More than 200 people filled the room in the Dougherty Valley Community Center on Tuesday night as the San Ramon City Council discussed a proposed Tassajara Valley cemetery and ultimately decided to withdraw city support for the project.
"The people who live within a stone's throw of where this development is proposed, some of them not only live there but their livelihood is there," Councilman Phil O'Loane said during the meeting. "The people who have a real investment in this area overwhelmingly aren't interested in seeing this happen."
The proposal for Creekside Memorial Cemetery from developer Sid Corrie calls for the project to include four outdoor mausoleums, one indoor mausoleum, an administrative office and chapel building, storage building, corporation yard and space for over 100,000 burial plots.
As proposed, the cemetery would be located at 7000 Camino Tassajara and occupy 58.7 acres of an approximately 222-acre space in unincorporated Contra Costa County east of the San Ramon city limits. The cemetery site is within the city of San Ramon's planning area but falls under the county's jurisdiction.
Concerns expressed by San Ramon residents during the nearly two-hour discussion Tuesday night included the project's impact on the environment and lack of water sources to sustain a large cemetery as well as concerns about the habitats of the wild animals living on the land.
A cultural element was also brought into the discussion by several San Ramon residents of Asian descent.
"In the Asian culture, we don't mix the living and the dead in a conflicting way," Windemere neighborhood resident Crystal Lu said. "We respect the elderly, our ancestors, and the dead, but we do not like the concept of death and youth together in a competing way."
Some residents question the need for a new large cemetery, arguing there are cemeteries in nearby cities that have burial space such as Livermore and Lafayette, among others.
The potential impact that a cemetery would have on the youth of the Tassajara Valley was a talking point for some parents in attendance and three student speakers who took to the podium.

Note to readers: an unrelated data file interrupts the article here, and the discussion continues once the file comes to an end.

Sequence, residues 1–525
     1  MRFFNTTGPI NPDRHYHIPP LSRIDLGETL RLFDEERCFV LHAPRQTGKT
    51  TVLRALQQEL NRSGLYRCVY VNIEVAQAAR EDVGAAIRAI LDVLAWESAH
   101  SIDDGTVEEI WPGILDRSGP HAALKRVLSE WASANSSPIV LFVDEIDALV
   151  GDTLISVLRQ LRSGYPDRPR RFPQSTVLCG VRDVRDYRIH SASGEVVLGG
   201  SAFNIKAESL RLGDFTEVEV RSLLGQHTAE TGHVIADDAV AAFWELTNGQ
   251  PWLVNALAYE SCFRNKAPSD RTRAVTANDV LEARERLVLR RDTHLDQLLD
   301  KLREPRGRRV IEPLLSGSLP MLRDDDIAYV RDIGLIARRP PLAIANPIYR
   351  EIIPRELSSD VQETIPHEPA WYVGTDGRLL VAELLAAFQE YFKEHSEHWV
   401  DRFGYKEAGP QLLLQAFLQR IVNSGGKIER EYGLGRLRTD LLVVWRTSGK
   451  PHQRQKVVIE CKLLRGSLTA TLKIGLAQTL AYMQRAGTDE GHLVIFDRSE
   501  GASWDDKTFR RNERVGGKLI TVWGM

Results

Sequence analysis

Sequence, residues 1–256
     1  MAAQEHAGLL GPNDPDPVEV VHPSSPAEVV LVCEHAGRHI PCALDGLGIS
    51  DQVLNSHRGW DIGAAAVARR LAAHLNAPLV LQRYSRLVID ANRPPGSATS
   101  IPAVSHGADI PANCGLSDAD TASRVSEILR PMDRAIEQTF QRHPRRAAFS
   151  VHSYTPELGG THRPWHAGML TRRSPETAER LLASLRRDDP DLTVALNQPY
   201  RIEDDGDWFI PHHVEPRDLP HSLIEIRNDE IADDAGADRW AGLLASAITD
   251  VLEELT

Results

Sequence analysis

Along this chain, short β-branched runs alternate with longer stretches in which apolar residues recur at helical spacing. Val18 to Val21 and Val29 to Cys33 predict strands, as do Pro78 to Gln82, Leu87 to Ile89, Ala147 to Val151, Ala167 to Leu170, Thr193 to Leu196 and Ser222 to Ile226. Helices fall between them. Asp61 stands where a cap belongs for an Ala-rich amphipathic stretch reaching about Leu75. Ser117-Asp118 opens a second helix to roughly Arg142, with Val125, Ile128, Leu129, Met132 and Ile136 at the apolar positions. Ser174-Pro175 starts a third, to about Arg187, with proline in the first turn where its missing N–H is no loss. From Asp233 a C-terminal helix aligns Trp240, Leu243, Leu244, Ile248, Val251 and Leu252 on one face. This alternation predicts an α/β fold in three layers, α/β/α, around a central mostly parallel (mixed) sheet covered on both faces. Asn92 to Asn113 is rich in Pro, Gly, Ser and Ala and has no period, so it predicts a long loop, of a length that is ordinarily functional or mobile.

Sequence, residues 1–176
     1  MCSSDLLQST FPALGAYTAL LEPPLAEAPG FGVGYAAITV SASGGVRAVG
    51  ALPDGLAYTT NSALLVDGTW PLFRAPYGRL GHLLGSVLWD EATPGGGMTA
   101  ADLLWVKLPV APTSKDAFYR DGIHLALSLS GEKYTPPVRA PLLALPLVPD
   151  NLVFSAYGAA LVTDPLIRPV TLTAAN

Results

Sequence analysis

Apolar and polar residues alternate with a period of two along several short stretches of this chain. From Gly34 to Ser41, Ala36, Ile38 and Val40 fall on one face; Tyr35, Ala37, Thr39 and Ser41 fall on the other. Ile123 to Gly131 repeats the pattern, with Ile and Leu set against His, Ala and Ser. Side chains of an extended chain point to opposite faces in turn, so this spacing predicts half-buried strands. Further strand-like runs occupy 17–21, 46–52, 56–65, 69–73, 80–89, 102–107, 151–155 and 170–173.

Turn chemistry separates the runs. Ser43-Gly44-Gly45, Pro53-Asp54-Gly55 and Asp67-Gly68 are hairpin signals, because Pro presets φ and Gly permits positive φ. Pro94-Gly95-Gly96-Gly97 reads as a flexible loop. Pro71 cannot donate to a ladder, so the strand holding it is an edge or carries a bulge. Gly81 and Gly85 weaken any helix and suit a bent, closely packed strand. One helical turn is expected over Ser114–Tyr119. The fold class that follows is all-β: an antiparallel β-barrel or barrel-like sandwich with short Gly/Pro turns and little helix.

The idea of funeral processions driving through school areas and increasing neighborhood traffic were described by speakers as "dangerous" and "psychologically damaging" for kids who walk, bike or play in the area.
More than 100 speaker cards were submitted to the council Tuesday night. About an hour into public comment, which was monopolized those in opposition to the project, Vice Mayor Harry Sachs invited anyone who was in favor of the project to speak. No one in the room accepted.
"This is quite a task here, and we have a lot of points to discuss," Sachs said. "We want people who might find value or benefit to a cemetery to have an opportunity to speak as well because we know from those who are opposed, the reasons that are near and dear to you."
Speakers continued for about 15 minutes after Sachs' comment until O'Loane requested a short recess, saying he felt that life was being "sucked out of the room" as there were many repeated sentiments being expressed.
About 10 minutes after the break, Mayor Bill Clarkson ended public comment and the council presented their opinions about the project.
The lack of water sources available, changing the character of the neighborhood surrounding the Tassajara Valley, increased traffic and community resistance were some of the concerns mentioned during the council discussion.
In 2005, the city council at the time gave initial support for the proposed cemetery along with other Tri-Valley communities, excluding Livermore. O'Loane pointed out that the Tassajara Valley has significantly changed in the last nine years.
"I think this is an idea whose time has come and gone," he said.
Councilman Scott Perkins suggested to the audience members that they attend the county meetings and bring their concerns to county officials.
"If this is really burning in your heart and soul, you need to attend the county meetings just like you attended our meeting," Perkins said. "Coming here and telling us tonight -- should we pass a resolution against this -- is a flea on an elephant. If you really want to take action you and your neighbors need to participate in whatever happens at the county level."
Although the final decision lies in the hands of the Contra Costa County Planning Commission, the council voted 4-0-1 Tuesday to direct city staff to draft a letter -- that the mayor would sign -- to county officials withdrawing the council's support for the project and outlining specific points to explain the city's changing viewpoint. Councilman Dave Hudson abstained from the vote, offering no explanation.
The meeting was moved from its regular location at San Ramon City Hall to a larger auditorium-style room inside of the local community center to accommodate the large turnout anticipated for the discussion.
The council held a well-attended public workshop in June during which more than a dozen citizens expressed opposition to the proposal. Following that workshop, residents teamed up to organize a protest hike in August in which more than 450 people participated.